• Near the village of Ternova (about 30 kilometers, or 18 miles, from Kharkiv), Ukrainian troops reached the border of Russia’s Belgorod region on May 10. Ultimately, though, this hasn’t (yet) caused any major problems for Russia’s military command; back in April, Russian troops retreated across the national border along a front hundreds of kilometers long. As a result, it’s unlikely that Ukrainian forces will attack Belgorod, which is only a few dozen kilometers away. In any case, there’s no sign that Ukrainian would launch a ground offensive on Russian territory any time soon; the Kremlin is too unpredictable, and the move wouldn’t make strategic sense.

From videos and photos posted by eyewitnesses on social media. We’ve laid out a significant part of the “documentary evidence” of the war on the map below.

  • A more dangerous turn of events for Russian troops might be if Ukrainian forces manage to advance to the east from the village of Staryi Saltiv (immediately after Ukrainian forces took the village back, its mayor was arrested on treason charges) and Chuhuiv, a village near Kupiansk; they would also reached the main logistical center for all of Russia's forces in the northern Donbas. But the terrain, including the Siverskyi Donets river, with thick forest on either side, makes this difficult. In recent weeks, both sides have been stuck in a loop: every time one side tries to cross the river to launch an offensive, enemy artillery thwarts their attempts, destroying whatever bridge the attacking side has built along with its forward guard.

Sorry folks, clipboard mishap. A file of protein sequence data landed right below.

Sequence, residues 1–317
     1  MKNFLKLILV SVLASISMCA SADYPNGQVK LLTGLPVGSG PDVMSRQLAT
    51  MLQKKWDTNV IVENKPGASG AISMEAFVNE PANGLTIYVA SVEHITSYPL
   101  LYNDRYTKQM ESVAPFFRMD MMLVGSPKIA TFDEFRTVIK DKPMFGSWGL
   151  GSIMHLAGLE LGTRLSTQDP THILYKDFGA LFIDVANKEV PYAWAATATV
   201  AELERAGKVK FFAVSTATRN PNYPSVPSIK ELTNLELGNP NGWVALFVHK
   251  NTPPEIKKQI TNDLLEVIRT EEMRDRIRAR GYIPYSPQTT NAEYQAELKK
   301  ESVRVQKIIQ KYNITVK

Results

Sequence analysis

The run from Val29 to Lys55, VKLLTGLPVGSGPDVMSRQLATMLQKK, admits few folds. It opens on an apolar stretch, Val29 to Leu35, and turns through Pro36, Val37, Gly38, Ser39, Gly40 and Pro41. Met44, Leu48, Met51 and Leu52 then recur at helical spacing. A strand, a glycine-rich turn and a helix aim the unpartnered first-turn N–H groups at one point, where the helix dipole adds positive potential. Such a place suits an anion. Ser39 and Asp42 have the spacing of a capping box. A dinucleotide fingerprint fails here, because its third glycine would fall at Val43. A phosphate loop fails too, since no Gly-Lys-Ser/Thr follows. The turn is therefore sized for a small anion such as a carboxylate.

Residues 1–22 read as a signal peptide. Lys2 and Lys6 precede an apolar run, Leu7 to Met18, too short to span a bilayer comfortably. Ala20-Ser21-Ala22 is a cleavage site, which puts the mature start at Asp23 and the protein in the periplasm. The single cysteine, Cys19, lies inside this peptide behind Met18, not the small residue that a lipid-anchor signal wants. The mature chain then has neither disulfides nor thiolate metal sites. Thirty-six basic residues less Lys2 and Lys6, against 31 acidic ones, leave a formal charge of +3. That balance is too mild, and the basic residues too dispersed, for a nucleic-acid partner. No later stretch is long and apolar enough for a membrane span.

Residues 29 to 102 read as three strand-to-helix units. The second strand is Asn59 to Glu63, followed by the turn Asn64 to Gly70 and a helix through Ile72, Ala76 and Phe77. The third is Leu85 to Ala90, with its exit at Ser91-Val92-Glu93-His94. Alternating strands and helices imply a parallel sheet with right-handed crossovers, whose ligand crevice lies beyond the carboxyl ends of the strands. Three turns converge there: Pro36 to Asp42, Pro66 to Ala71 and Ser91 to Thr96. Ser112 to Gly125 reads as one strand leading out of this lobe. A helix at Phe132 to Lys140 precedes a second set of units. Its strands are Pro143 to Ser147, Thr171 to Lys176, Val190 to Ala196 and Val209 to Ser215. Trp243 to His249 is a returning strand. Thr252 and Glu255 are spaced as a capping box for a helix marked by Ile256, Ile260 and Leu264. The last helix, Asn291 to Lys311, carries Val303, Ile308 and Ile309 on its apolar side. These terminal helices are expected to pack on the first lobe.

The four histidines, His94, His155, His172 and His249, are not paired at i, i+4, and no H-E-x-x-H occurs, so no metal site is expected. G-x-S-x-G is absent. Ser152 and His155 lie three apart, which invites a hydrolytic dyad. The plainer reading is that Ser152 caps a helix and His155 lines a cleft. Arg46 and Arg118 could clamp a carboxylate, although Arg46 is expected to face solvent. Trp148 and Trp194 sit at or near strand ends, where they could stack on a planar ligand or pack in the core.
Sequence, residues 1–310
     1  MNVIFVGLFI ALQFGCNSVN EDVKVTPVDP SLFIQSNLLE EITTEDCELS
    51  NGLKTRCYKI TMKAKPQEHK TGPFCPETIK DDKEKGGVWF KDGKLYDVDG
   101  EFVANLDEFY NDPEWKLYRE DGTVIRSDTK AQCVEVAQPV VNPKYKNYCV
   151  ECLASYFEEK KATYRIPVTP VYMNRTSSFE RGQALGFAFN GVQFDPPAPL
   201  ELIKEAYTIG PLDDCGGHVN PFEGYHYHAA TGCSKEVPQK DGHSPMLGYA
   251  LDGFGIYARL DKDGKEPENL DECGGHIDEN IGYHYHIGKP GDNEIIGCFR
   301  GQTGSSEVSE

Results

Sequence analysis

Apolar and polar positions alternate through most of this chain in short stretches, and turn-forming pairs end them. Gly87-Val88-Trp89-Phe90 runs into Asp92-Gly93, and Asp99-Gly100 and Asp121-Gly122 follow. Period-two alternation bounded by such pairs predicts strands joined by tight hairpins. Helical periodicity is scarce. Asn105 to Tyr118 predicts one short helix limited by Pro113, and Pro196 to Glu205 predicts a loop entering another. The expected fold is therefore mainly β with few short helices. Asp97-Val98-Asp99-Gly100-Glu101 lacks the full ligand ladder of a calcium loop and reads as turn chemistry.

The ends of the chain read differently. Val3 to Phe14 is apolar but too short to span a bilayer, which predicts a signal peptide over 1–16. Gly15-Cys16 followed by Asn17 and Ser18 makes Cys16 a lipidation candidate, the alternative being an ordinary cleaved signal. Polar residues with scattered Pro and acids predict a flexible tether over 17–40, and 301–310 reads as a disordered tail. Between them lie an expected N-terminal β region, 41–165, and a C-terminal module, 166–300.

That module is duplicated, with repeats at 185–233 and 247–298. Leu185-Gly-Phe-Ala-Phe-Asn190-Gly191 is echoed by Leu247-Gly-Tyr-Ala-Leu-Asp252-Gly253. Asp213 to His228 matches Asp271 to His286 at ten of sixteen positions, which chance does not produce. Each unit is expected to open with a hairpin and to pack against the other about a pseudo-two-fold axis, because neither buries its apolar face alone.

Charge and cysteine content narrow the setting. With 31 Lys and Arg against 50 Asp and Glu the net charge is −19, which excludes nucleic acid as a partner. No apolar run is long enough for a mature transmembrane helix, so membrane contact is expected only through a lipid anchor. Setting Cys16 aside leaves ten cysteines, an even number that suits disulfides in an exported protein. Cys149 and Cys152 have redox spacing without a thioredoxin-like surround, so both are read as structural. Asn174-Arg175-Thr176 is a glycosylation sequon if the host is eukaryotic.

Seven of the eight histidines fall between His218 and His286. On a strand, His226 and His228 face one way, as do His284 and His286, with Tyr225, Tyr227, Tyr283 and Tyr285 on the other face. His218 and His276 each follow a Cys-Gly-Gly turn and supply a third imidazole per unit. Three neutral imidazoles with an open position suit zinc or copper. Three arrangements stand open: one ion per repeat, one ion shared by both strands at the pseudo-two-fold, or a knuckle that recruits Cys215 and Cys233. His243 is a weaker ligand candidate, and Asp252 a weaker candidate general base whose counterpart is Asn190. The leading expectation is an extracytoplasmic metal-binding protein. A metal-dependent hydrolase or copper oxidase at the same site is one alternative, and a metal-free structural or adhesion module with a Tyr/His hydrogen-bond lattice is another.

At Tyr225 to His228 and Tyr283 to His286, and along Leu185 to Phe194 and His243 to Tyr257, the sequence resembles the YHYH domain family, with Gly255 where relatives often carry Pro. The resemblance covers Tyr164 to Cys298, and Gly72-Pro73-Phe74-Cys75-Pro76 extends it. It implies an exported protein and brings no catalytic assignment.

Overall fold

• Crossing the river from Staryi Saltiv is practically impossible, as that part of the river has a manmade reservoir that’s hundreds of meters wide. The village’s bridge has been blown up, but to the reservoir’s north, not far from Velyka Pysarivka, there’s a dam that would theoretically make it possible to cross the river. So far, Ukrainian troops haven’t tried this approach.
  • Further south (near Chuhuiv), Ukrainian forces established a bridgehead on the river’s left bank in late March and early April, but Russian troops have kept them from launching an offensive from there.